rethink their own practice, to construct new classroom roles and expectations about student
outcomes, and to teach in ways they have never taught before” (Darling-Hammond &
Taking this further, aligning the delivery of effective professional development is not the
need to focus on what needs to be taught (curriculum) but rather on the how to teach
(pedagogy). With the focus on teacher practice (see Australian Institute of Teacher and
) moving to de-privatisation of teaching practice is seen as a means to
support the spotlight on pedagogy (Madden et al., 2012).
It has been argued that technological advances in recent years has seen not only an
increase in teacher workload but also a need to shift the delivery of learning from teacher
centred approach to one where the student is the centre of learning. The nature of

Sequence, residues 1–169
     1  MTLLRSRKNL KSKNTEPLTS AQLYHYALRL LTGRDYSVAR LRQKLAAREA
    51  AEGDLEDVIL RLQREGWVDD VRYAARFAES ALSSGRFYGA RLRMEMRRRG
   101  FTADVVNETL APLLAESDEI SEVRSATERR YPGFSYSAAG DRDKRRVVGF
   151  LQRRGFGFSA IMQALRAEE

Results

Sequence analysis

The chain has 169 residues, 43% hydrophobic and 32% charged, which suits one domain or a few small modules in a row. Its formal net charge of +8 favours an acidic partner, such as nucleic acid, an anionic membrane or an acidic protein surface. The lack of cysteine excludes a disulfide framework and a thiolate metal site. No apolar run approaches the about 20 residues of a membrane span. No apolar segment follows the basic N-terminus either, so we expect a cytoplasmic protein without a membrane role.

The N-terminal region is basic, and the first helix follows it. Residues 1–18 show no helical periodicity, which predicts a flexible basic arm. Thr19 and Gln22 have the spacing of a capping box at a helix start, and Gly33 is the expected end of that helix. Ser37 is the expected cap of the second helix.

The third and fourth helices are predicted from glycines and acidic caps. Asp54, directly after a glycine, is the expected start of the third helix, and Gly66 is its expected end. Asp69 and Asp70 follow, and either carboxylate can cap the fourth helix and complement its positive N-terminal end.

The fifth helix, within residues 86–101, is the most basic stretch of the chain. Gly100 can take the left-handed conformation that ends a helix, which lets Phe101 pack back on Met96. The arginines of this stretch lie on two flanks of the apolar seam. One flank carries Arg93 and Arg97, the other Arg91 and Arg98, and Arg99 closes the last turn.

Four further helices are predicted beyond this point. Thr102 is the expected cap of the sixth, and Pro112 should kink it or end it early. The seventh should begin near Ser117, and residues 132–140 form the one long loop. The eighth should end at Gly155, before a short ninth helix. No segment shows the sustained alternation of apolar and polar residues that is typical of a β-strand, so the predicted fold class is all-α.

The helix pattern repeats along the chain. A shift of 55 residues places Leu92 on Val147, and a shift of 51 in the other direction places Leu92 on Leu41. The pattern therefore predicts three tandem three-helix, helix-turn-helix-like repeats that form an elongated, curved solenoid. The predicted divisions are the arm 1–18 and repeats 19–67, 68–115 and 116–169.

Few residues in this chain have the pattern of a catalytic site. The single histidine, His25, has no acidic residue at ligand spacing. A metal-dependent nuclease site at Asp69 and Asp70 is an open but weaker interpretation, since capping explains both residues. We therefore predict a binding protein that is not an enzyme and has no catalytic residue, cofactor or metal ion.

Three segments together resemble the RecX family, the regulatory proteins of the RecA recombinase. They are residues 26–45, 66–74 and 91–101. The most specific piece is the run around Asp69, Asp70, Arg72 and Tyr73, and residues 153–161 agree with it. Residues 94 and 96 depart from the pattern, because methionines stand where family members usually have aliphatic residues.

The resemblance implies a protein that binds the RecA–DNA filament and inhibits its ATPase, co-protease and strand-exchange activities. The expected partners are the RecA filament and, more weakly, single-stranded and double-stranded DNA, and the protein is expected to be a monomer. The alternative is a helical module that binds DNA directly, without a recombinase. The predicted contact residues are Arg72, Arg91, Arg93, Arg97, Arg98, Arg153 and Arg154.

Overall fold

students entering school is changing and the need to change teaching methodologies to
accommodate a new era of student learning is evident.
Improving professional learning for teachers is a fundamental component in improving
student achievement. To meet new Federal Government requirements and public
expectations for school and student performance, a renewed focus on teacher learning is
needed. For this to occur, schools, with the support of their education systems, need a
sustained whole school approach.
Teachers Talk About What's Important&
While there have been many efforts to define what constitutes ‘good professional
development, there is agreement that most effective professional learning practices
engage teachers in identifying what they needed to learn and planning the learning
experiences (Cameron, 2011; Goe, Biggers, & Croft, 2012). As teachers learn new skills
they need time to test them in the classroom, make adjustments and share their learning
with colleagues. Effective professional development include “activities that lead teachers
to deprivatise their practice and gain feedback about their teaching from colleagues” (L
Ingvarson, Meiers, & Beavis, 2005, p. 16)